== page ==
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Before me begging did she stand, Pouring out sorrows like a sea; Grief after grief: — on English Land Such woes I knew could never be; And yet a boon I gave her; for the Creature Was beautiful to see; "a Weed of glorious feature!'
I left her, and pursued my way; And soon before me did espy A pair of little Boys at play, Chasing a crimson butterfly; The Taller followed with his hat in hand, Wreathed round with yellow flowers, the gayest of the land.
The Other wore a rimless crown, With leaves of laurel stuck about: And they both followed up and down, Each whooping with a merry shout: In their fraternal features I could trace Unquestionable lines of that wild Suppliant's face.
They bolted on me thus, and lo! Each ready with a plaintive whine; Said I, "Not half an hour ago Your Mother has had alms of mine." "That cannot be," one answered, " She is dead." "Nay but I gave her pence, and she will buy you bread."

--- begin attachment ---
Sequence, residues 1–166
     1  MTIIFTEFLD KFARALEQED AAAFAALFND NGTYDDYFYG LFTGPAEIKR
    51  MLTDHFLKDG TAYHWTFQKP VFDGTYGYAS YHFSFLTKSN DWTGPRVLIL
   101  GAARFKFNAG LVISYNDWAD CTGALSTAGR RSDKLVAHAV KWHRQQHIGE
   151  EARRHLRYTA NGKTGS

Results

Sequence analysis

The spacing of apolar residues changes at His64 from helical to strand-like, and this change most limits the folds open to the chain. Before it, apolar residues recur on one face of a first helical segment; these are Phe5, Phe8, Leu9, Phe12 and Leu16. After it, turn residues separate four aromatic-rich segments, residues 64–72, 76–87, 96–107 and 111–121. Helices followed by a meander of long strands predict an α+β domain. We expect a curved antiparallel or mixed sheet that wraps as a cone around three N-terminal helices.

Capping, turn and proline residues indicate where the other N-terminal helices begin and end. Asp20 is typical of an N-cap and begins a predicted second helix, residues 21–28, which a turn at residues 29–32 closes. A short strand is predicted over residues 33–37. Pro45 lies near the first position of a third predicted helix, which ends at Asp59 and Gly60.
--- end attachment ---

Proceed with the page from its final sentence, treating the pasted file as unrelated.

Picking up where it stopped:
"She has been dead, Sir, many a day." "Sweet Boys, you're telling me a lie; It was your Mother, as I say —" And in the twinkling of an eye, "Come, come!" cried one; and, without more ado, Off to some other play they both together flew.
YARROW UNVISITED. 1803.
(See the various Poems the Scene of which is laid upon the Banks of the Yarrow; in particular, the exquisite Ballad of Hamilton, beginning
"Busk ye, busk ye, my bonny, bonny Bride,
From Stirling Castle we had seen
"Let Yarrow Folk, frae Selkirk Town,
There's Galla Water, Leader Haughs,
Both lying right before us;
And Dryborough, where with chiming Tweed
The Lintwhites sing in chorus;
There's pleasant Tiviot-dale, a land
Made blithe with plough and harrow:
Why throw away a needful day
To go in search of Yarrow? •
What's Yarrow but a River bare
That glides the dark hills under?
There are a thousand such elsewhere
As worthy of your wonder."
— Strange words they seemed of slight and scorn;
My True-love sighed for sorrow;
And looked me in the face, to think
I thus could speak of Yarrow!
"Oh! green," said I, "are Yarrow's Holms,
And sweet is Yarrow flowing!
Fair hangs the apple frae the rock *,
But we will leave it growing.
O'er hilly path, and open Strath,
We'll wander Scotland thorough;
But, though so near, we will not turn
Into the Dale of Yarrow.
Let Beeves and home-bred Kine partake
Be Yarrow Stream unseen, unknown!
* See Hamilton's Ballad, as above.